I am awash in feelings right now. It’s after midnight and I can’t imagine what advantages sleep will bring. My Twitter feed is overflowing with the unfolding tragedy of the new US Presidency. Today it is the Muslim Ban executive order in effect, which involves the detainment, questioning, and/or potential turning away of citizens from 7 Muslim-majority states. We don’t know which further affront to human rights and democratic process will follow. But by now, many of us are confident that more anti-human measures are in store.
And it’s Saturday, a Saturday on which I was attending and presenting at a conference for middle level educators. I listened with interest to engaging speakers, got into conversations with old friends while welcoming new contacts, and thoroughly enjoyed the opportunity to create some workshop magic for a group of educators. There was great food, a warm hospitality and plenty of laughter.
Saturday – and I led a session on using social media and blogging for professional growth. I had three folks from my school attend including two administrators. There was a lot to celebrate. I felt happy being among educators from schools all across Europe. Educators are my people.
Still, the reports keep rolling in. Protests at major US airports are growing. The New York City Taxi Workers have called for a 1 hr strike on transportation to and from JFK airport. Families have been separated. Fear levels both within the US and without is rising, not only about the implications of this order but everything that could possibly follow. Unchecked.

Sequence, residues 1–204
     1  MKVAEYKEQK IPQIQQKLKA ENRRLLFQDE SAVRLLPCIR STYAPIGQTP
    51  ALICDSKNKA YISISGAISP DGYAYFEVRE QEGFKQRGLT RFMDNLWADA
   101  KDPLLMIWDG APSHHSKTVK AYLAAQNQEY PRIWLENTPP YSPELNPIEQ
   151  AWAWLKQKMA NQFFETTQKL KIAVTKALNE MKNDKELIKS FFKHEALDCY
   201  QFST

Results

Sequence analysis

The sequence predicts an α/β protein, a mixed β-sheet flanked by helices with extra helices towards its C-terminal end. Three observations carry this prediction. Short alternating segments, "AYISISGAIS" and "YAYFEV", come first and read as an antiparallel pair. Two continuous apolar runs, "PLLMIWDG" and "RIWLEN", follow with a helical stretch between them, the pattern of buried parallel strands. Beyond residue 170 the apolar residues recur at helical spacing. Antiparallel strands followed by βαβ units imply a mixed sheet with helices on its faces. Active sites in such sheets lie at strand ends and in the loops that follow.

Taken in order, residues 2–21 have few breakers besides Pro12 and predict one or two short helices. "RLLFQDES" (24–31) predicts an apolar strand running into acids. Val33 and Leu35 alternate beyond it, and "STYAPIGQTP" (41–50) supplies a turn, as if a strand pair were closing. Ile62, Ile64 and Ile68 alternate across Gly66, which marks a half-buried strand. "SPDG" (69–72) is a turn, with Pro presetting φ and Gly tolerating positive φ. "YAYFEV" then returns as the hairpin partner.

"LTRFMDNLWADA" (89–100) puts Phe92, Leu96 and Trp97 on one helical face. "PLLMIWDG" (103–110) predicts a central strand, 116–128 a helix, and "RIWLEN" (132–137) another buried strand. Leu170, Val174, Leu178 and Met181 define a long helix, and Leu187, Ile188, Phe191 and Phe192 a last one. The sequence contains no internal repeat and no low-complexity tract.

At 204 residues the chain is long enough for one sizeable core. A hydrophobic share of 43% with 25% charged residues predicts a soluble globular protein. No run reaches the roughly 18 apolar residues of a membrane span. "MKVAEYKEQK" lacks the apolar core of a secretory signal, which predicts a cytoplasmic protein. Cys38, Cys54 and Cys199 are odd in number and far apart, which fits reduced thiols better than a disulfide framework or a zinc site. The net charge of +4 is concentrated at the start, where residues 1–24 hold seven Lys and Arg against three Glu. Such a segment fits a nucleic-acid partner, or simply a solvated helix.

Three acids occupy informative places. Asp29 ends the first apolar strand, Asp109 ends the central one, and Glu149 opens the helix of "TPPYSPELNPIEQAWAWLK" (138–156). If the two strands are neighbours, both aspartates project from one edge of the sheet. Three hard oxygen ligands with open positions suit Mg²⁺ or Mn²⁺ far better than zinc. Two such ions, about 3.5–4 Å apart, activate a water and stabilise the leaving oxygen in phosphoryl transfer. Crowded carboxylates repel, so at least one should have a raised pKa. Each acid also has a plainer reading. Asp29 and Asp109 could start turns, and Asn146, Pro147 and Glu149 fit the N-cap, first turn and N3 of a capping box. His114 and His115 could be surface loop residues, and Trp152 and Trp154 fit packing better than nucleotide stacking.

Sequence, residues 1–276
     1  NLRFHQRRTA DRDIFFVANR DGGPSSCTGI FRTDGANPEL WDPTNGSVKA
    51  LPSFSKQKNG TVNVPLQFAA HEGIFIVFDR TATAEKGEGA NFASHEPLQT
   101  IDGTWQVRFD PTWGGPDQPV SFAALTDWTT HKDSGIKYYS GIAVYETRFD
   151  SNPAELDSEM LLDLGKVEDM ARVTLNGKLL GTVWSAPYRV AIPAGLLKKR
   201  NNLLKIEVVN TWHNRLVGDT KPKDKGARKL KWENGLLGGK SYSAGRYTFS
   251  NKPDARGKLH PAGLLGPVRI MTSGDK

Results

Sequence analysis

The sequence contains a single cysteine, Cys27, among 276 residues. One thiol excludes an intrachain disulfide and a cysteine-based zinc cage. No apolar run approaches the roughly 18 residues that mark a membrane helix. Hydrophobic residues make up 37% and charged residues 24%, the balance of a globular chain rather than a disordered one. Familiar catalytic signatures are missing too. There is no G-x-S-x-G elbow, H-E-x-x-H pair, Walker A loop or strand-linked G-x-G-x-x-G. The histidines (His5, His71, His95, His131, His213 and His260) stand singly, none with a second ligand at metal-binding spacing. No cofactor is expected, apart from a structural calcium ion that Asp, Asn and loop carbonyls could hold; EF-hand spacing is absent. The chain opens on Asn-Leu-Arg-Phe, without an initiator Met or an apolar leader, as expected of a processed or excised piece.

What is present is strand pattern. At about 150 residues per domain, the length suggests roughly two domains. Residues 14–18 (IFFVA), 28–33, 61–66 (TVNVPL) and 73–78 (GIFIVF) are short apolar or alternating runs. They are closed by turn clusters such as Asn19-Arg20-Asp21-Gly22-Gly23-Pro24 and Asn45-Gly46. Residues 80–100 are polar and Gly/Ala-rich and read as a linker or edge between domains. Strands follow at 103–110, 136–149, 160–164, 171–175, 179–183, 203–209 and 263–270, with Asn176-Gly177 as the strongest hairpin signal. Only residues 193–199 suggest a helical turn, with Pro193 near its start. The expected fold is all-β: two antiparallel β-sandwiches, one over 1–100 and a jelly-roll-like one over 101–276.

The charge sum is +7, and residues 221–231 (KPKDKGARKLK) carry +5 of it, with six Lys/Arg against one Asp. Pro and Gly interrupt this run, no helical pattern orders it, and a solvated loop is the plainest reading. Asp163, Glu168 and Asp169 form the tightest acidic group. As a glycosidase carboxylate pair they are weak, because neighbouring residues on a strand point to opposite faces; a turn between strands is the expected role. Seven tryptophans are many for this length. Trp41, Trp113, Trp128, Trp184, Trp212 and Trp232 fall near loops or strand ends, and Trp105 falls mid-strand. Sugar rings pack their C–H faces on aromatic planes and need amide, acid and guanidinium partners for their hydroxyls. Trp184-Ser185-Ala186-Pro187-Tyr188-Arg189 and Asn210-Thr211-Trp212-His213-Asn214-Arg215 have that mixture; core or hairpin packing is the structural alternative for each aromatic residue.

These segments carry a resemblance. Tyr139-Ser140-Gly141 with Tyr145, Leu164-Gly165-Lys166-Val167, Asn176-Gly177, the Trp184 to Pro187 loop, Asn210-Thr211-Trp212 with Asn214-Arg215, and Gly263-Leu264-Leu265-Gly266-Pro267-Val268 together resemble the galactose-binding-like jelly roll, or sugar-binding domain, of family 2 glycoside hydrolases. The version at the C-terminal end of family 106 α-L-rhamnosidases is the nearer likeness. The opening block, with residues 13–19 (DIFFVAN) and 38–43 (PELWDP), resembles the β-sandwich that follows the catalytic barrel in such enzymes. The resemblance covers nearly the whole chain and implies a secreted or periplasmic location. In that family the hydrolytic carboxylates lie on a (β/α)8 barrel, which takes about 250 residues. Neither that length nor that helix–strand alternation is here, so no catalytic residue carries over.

I went out to the evening celebration and had fun chatting with new acquaintances and eventually shaking a leg on the dancefloor. The conference attendees were a strikingly white crowd, mainly of American and British descent with a few other nationalities sprinkled in. I am used to this – being the only black person in the room. This is my every day norm, and a result of multiple life choices. We were celebrating the end of a successful conference and the dancing felt good. “Joy is also a form of resistance.” I read this week in my Twitter feed.
I checked my phone on the way home, catching up on developments as the tram rumbled through town. It’s Sunday here now and the bad news will not let up. Whatever individual victories I can call my own today or yesterday or even tomorrow are dwarfed by the scale of human suffering that is systematically being exacerbated by policies put in place by a few powerful white American males in suits.
We are always living our lives in context. And often – perhaps more often that we recognize- contexts is the correct phrasing, covering foreground and background, subtle and overt, praise-worthy and fear-inducing. Today I was reminded of how these contexts can ride in parallel, cross paths or even collide all within the space of me being me.
Saturday to Sunday.
image via Pixabay.com
2 thoughts on “Parallel Lines”
I can always count on your writing for the context I need. You are right, educators are my people, too.
Between writing reports (which is tiring) and reading my kids work (which makes me smile with pride), I watched a session about assessing PBL at EduCon live on periscope, then flipped to Twitter to see live the suffering and protests. I have to think that even if some of these tracks remain parallel (and perhaps should?), I can at least bring some threads together in my class.
Thanks for responding, Benjamin. I think for our own sanity and also for the benefit of our students we need to look for opportunities to integrate topics and themes as they relate to what we see before us. At the conference I was attending, one speaker implored us to design curriculum and our whole school programming to address what is on our students’ minds in meaningful and deep ways.
This morning I’m thinking especially about coping with all that is ‘on our minds’ at any given time. The political moment we are in demands a different kind of attention and alertness that will influence our teaching whether we acknowledge it or not. Accommodating parallel and at times colliding streams of thought is our ongoing challenge now becoming more complex and fraught.
Dialogue and writing and more dialogue will help us through.